In addition, fully hydrolyzed fumonisin B1 (HFB1), also named aminopentol (AP1), was found in 9% of maize samples. Although numerous fumonisins have been characterized, FB1 is usually the most abundant in contaminated foods, except when maize has been treated with base to produce maize flour for tortillas, which hydrolyzes FB1 to AP1. AP1 also appears to have the same liver cancer promoting activity as FB1. Heretofore, these in vivo effects of AP1 have been somewhat puzzling because AP1 is less potent than FB1 as an inhibitor of ceramide synthase in vitro; AP1 is converted to an even more potent metabolite [29]. Our results on the frequency and range of FB1 and FB2 contaminations in maize are comparable with the data reported by studies conducted in other countries. Sydenham et al. [30] reported a similar incidence of fumonisins in maize meal from USA with slightly lower levels of contamination when compared with our results. It was noted that mean positive values of FB1 reaches 1048 μg/kg in USA maize meal and 138 μg/kg in South Africa maize meal, while FB1 contaminations in maize reaches 1655 μg/kg in Ghana and 6600 μg/kg in Argentina and Honduras. The same happened in Brazil; when it was observed that all the samples of maize flour from São Paulo State were positive for FB1 and FB2, mean values were 2100 and 700 μg/kg, respectively [31]. Hirooka et al. [32] investigated maize from great producer regions in Brazil and also found height levels of fumonisins. Almost all samples were positive for FBs. In this work, 16.7% of the analyzed samples had FB1 concentration higher than 7500 μg/kg. In contrast to that, there are only few data on contamination of poultry feed samples. However, our results claim for an urgent regulation for fumonisins in Brazil. Cooccurrence of mycotoxins is evident in this study because, besides FBs and BEA that are present in most of samples, other mycotoxins appear as additional contaminants.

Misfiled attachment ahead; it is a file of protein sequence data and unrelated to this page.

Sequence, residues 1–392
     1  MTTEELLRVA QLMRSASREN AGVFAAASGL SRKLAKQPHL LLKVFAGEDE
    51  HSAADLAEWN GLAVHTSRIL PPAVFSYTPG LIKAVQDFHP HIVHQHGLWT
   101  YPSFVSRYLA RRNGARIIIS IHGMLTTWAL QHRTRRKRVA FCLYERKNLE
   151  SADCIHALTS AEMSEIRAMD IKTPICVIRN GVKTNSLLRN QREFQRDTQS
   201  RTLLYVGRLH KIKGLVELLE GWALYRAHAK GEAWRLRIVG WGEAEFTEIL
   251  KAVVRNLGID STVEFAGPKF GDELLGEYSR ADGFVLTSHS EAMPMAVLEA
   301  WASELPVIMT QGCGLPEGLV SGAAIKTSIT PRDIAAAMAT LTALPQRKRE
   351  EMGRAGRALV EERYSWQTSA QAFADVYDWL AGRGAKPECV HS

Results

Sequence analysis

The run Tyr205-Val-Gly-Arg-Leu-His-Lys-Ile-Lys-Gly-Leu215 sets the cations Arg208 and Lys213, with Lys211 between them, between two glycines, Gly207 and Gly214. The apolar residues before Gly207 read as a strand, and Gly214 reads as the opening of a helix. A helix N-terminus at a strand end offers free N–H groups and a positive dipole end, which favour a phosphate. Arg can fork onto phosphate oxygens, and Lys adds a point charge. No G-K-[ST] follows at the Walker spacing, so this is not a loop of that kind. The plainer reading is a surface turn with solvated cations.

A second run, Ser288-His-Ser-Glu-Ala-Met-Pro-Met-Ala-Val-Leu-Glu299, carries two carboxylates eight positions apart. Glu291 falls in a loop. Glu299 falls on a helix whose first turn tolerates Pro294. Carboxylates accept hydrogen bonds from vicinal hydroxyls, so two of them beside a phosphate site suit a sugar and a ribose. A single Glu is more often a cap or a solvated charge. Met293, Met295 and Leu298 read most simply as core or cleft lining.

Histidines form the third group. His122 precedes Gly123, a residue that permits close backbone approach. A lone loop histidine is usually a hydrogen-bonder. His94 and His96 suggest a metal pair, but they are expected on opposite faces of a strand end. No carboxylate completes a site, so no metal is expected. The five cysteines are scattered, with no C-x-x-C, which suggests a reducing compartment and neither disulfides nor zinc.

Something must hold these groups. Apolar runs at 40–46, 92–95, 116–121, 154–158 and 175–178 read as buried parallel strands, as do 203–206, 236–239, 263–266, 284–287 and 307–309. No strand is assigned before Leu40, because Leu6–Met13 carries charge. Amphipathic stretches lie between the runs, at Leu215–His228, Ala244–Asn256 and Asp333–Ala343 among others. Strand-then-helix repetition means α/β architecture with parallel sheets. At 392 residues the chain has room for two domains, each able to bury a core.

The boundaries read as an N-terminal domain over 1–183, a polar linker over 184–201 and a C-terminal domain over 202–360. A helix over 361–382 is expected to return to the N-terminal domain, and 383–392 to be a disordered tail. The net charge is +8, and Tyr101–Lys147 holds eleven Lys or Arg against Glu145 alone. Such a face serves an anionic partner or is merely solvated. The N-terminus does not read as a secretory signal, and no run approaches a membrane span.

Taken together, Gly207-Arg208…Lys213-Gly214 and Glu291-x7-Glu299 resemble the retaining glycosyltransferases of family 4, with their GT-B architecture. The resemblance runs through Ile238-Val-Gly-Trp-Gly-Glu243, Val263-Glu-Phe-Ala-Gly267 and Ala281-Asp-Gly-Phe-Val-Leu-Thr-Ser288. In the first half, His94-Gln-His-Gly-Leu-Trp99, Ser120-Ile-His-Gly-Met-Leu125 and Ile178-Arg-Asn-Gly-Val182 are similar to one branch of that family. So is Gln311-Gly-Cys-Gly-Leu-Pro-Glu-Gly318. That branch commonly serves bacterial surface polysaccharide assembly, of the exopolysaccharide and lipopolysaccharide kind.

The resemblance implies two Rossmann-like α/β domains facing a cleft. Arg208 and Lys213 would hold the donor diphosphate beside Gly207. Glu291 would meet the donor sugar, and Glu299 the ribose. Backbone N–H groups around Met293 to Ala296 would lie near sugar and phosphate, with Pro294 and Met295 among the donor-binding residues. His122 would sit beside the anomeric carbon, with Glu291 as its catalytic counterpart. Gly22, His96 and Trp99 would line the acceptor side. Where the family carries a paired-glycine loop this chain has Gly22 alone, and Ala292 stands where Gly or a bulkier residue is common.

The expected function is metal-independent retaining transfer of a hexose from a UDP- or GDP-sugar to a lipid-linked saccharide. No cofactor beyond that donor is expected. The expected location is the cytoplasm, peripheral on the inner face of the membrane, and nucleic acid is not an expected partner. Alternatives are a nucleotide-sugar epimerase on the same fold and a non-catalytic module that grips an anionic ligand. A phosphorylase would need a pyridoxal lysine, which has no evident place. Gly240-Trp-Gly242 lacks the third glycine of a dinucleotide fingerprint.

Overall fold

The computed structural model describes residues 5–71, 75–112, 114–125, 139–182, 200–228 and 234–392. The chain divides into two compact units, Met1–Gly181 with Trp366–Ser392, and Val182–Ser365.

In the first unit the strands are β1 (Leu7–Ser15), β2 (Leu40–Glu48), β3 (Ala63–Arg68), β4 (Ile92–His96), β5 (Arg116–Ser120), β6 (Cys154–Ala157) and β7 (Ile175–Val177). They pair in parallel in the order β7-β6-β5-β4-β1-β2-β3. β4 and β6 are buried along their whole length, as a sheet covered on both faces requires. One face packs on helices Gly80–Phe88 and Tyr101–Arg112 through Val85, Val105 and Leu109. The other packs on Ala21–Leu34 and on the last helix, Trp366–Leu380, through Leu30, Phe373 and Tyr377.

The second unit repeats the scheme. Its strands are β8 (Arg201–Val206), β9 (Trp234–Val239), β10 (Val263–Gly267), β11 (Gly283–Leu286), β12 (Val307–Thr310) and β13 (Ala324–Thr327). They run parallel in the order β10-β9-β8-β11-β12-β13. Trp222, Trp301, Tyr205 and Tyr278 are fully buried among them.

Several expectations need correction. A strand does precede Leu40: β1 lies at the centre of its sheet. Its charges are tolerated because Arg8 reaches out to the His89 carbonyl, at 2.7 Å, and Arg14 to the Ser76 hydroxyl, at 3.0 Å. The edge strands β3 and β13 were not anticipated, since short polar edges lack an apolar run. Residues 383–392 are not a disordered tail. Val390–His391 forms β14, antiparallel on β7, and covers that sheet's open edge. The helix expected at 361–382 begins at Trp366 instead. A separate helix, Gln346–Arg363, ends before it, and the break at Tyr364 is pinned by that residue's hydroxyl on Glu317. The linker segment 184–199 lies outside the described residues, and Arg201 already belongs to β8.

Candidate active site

Considering the maximum limits established in Brazil or even by the EC for aflatoxins, these toxins were detected in very low levels and only in four samples. The maximum value found for AFB1 in maize was 3.0 μg/kg, and media was lower than LOD (nd). AFG2 was also found in lower levels in two maize samples and five feed samples. Brazilian regulation establishes maximum limits only for aflatoxins with 20 μg/kg for AFL total (B1 + B2 + G1 + G2) in human foods and 50 μg/kg in animal feed, while EC establishes values for AFB1 in unprocessed maize of 5 μg/kg and 10 μg/kg for AFL totals. As it can be observed from the work on Brazilian maize and maize-based foods, aflatoxin incidence was low, and the highest contamination levels were founded in Northeast area [12, 13].